1.   ‘EU classified information’ (EUCI) means any information or material designated by an EU security classification, the unauthorised disclosure of which could cause varying degrees of prejudice to the interests of the European Union or of one or more of the Member States.

2.   EUCI shall be classified at one of the following levels:

(a)

TRES SECRET UE/EU TOP SECRET: information and material the unauthorised disclosure of which could cause exceptionally grave prejudice to the essential interests of the European Union or of one or more of the Member States.

(b)

SECRET UE/EU SECRET: information and material the unauthorised disclosure of which could seriously harm the essential interests of the European Union or of one or more of the Member States.

(c)

CONFIDENTIEL UE/EU CONFIDENTIAL: information and material the unauthorised disclosure of which could harm the essential interests of the European Union or of one or more of the Member States.

(d)

RESTREINT UE/EU RESTRICTED: information and material the unauthorised disclosure of which could be disadvantageous to the interests of the European Union or of one or more of the Member States.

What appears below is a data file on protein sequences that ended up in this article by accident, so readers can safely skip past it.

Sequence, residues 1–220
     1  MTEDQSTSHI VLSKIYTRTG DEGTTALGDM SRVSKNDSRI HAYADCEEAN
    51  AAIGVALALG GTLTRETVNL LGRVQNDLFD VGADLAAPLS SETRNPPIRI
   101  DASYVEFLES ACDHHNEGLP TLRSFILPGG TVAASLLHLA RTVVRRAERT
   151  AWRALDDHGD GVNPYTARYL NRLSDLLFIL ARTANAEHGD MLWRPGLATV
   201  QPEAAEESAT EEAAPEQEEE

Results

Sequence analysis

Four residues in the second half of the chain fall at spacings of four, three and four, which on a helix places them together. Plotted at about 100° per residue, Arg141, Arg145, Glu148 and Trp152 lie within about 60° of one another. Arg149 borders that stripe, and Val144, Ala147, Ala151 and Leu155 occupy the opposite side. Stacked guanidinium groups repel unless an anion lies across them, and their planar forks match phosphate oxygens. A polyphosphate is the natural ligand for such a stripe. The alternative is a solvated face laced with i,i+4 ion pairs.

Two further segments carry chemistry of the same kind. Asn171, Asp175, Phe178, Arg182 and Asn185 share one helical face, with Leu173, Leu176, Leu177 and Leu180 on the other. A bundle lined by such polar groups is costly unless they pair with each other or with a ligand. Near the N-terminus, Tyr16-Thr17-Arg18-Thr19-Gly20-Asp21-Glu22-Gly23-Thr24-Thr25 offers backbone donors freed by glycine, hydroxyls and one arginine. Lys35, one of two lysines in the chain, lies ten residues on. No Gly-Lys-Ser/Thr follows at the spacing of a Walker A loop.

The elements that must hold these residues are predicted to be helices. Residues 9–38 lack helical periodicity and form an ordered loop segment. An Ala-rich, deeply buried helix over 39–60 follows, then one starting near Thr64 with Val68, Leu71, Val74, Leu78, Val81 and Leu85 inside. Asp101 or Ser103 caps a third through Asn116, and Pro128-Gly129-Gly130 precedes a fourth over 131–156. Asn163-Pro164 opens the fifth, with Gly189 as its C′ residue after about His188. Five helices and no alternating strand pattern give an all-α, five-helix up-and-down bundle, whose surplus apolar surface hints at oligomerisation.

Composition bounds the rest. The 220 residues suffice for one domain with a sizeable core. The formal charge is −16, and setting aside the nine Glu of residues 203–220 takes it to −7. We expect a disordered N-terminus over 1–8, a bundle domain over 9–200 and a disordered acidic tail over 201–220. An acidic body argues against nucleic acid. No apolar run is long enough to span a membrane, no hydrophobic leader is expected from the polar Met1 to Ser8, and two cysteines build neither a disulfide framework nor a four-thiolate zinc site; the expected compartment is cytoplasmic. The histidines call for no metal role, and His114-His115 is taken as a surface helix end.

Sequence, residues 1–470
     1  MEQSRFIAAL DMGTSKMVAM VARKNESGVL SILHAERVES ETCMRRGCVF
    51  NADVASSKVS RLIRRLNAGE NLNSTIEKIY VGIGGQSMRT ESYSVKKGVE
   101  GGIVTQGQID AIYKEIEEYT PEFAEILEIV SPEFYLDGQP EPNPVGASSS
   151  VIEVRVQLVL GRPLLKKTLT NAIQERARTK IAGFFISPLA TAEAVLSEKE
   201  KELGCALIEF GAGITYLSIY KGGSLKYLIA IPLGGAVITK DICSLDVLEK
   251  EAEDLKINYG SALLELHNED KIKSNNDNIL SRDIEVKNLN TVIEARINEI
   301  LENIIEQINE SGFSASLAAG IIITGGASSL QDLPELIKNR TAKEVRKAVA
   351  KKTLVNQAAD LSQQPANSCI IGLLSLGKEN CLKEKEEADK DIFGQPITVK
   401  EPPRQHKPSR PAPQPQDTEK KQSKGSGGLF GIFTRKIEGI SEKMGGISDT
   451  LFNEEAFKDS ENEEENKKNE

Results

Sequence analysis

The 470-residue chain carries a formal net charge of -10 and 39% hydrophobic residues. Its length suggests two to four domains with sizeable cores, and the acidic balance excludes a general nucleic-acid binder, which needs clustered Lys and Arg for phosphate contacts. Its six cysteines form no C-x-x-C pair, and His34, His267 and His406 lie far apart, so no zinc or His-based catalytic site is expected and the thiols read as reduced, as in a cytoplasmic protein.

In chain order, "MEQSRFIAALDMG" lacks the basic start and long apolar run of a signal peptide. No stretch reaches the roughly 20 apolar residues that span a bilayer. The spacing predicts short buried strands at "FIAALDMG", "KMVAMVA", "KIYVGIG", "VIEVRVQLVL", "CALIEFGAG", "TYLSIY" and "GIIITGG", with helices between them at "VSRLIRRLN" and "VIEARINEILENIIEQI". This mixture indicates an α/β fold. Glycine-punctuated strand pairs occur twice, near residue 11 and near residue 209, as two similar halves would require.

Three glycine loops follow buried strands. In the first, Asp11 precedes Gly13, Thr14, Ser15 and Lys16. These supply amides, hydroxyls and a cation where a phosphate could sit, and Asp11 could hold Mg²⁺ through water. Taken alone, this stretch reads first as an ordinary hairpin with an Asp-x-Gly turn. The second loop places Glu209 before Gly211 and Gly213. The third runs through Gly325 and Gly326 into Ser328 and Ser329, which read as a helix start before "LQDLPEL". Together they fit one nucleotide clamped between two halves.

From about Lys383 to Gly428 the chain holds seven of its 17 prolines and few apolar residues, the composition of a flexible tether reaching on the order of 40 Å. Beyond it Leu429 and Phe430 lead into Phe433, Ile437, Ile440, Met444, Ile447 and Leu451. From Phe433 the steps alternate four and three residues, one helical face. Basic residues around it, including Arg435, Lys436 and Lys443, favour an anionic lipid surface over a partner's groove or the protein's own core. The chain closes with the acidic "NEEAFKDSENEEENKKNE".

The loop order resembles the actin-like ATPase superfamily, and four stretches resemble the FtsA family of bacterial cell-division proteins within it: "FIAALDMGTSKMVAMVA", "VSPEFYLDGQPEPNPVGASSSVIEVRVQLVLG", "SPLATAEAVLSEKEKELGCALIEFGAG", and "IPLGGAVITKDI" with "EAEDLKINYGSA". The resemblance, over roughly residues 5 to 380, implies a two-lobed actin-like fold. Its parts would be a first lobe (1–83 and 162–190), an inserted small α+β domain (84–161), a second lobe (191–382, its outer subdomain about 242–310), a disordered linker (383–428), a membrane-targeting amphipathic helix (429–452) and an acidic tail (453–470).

3.   EUCI shall bear a security classification marking in accordance with paragraph 2. It may bear additional markings to designate the field of activity to which it relates, identify the originator, limit distribution, restrict use or indicate releasability.

Article 3

Classification management

1.   The EEAS shall ensure that EUCI is appropriately classified, clearly identified as classified information and retains its classification level for only as long as necessary.

2.   EUCI shall not be downgraded or declassified nor shall any of the markings referred to in Article 2(3) be modified or removed without the prior written consent of the originator.

3.   The EEAS Security Authority shall approve, after consulting the EEAS Security Committee pursuant to article 15(5) of this Decision, security Guidelines on creating EUCI which shall include a practical classification guide.

Article 4